Jonathan Ogden grew to manhood in his native State, and, believing that the great West offered favorable openings for a young man of ambition and energy, he settled in Cincinnati, Ohio, in 1828, and was for a number of years the leading merchant of the city. After retiring from the clothing business, he dealt extensively in real estate and also become [sic.] connected with the lumber business. He was remarkably successful as a business manager and became one of the wealthy men of the city, retiring from active labors in 1868. On December 21, 1834, Mr. Ogden was married to Miss Elizabeth Gorham, a daughter of Parsons Gorham, who was a wholesale grocer of Hartford, Connecticut. Four children were born to this union: Parsons Gorham, who died in 1892; Melvina Belle, who married Philip D. Armour, the famous [meat] packer and philanthropist, of Chicago; Clara Meader, who died in infancy; and Frank M., of this review. Mr. Ogden, the father of these children, continued to live in Cincinnati for a number of years after his retirement from business, but died at the residence of Mrs. Philip D. Armour, of Chicago, June 4, 1888.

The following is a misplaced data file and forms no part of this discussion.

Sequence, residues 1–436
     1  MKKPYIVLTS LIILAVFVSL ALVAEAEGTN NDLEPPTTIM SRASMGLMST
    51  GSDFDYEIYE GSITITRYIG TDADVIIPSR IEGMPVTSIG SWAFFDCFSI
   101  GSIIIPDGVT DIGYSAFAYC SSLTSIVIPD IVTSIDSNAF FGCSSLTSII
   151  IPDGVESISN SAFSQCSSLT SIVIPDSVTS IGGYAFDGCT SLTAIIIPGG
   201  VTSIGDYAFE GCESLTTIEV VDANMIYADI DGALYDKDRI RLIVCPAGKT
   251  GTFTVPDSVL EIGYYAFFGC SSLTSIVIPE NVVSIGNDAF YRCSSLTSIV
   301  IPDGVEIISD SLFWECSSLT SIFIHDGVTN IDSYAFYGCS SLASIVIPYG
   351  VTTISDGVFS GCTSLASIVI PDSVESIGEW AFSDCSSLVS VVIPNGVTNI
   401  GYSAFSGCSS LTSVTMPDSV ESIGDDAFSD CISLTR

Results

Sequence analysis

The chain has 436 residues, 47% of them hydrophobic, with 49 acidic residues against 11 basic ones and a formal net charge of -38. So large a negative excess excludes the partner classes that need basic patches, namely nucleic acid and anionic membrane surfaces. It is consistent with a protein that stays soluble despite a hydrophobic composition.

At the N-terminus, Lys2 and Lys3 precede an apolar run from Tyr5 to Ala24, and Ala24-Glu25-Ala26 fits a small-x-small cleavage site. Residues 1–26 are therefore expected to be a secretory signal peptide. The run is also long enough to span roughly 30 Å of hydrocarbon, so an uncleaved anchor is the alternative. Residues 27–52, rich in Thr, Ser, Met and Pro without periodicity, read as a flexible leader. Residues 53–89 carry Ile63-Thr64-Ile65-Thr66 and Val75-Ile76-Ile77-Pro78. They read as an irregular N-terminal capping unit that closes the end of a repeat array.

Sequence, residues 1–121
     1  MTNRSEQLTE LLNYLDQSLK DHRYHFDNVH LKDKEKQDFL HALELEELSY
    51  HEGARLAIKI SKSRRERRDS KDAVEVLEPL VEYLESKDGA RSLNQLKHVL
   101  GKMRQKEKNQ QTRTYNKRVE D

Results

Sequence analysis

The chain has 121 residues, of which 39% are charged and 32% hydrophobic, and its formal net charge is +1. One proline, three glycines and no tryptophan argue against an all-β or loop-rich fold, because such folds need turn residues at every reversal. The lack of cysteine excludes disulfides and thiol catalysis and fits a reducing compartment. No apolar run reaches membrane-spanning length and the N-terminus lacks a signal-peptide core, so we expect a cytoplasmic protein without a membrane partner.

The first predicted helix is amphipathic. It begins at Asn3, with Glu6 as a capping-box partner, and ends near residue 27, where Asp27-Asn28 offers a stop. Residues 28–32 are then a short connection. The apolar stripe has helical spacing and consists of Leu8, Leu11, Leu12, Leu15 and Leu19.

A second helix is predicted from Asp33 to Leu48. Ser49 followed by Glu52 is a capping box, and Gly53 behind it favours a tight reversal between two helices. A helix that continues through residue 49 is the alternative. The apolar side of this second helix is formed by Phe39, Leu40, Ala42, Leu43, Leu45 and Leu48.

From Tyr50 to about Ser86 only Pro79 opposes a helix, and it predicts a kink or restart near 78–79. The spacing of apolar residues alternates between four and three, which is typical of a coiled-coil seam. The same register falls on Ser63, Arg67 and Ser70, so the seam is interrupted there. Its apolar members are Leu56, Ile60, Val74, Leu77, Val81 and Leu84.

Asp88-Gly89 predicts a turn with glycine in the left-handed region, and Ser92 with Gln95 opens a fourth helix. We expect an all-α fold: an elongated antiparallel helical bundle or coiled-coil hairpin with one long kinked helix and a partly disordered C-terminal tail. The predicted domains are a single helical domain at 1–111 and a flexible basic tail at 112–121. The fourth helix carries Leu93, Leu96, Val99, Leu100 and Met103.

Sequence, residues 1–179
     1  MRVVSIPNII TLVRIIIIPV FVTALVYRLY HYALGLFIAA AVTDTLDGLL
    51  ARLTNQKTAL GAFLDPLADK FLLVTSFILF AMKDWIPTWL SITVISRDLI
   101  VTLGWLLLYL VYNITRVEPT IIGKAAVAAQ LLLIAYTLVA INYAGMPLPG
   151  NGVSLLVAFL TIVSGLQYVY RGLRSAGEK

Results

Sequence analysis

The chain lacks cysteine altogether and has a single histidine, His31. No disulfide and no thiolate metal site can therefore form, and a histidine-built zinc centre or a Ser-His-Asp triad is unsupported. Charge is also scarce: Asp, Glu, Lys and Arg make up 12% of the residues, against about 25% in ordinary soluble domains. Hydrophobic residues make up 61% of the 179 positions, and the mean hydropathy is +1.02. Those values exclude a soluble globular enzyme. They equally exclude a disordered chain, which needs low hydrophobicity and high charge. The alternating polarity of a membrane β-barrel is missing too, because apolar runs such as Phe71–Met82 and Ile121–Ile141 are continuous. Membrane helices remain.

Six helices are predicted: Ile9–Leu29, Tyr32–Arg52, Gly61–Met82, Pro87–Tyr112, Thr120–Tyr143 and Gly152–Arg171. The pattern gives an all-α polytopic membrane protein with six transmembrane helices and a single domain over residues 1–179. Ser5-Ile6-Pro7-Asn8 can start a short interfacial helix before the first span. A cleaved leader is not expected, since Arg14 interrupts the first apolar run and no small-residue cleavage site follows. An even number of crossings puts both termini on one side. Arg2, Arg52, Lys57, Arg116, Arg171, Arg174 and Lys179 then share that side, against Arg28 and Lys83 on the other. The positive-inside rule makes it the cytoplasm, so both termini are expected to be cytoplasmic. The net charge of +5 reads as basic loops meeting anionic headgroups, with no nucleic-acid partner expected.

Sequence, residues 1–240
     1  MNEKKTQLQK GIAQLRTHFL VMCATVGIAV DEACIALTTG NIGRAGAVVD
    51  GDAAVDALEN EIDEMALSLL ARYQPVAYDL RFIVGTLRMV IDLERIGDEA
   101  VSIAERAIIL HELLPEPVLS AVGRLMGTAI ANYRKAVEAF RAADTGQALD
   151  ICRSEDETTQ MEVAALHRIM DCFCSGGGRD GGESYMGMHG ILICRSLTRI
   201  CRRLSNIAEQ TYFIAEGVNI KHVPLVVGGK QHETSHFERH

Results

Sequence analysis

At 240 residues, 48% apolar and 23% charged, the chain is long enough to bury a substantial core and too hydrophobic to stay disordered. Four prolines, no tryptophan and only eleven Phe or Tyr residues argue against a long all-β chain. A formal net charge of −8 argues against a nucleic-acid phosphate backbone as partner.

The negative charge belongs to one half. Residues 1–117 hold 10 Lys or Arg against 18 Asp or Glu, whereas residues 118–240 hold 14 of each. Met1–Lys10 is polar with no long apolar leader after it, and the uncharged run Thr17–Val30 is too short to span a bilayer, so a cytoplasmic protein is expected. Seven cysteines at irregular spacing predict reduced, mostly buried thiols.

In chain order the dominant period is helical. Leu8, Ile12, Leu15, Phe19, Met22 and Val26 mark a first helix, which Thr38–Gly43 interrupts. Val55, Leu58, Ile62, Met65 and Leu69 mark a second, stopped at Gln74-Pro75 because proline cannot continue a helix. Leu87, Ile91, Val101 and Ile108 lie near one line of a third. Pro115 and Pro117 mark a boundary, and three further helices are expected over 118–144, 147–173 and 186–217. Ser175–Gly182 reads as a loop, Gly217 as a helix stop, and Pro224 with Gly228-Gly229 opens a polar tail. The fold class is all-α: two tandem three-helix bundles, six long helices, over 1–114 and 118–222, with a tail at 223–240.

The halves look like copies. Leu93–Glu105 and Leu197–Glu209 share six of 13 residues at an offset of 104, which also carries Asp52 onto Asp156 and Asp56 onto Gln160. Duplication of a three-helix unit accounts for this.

Frank Magee Ogden, whose name stands at the head of this sketch, possessed excellent advantages of education, and under his father was systematically inducted into the real estate business, becoming one of the leading real estate men of the city. He possessed good business judgment, a remarkable knowledge of the brightest and most progressive property holders in Cincinnati. He possessed fine executive powers and kept his hand in his dealings with debtors and creditors alike. His name was officially connected with many important enterprises and his operations were always of a character such as to assist in the upbuilding of the city.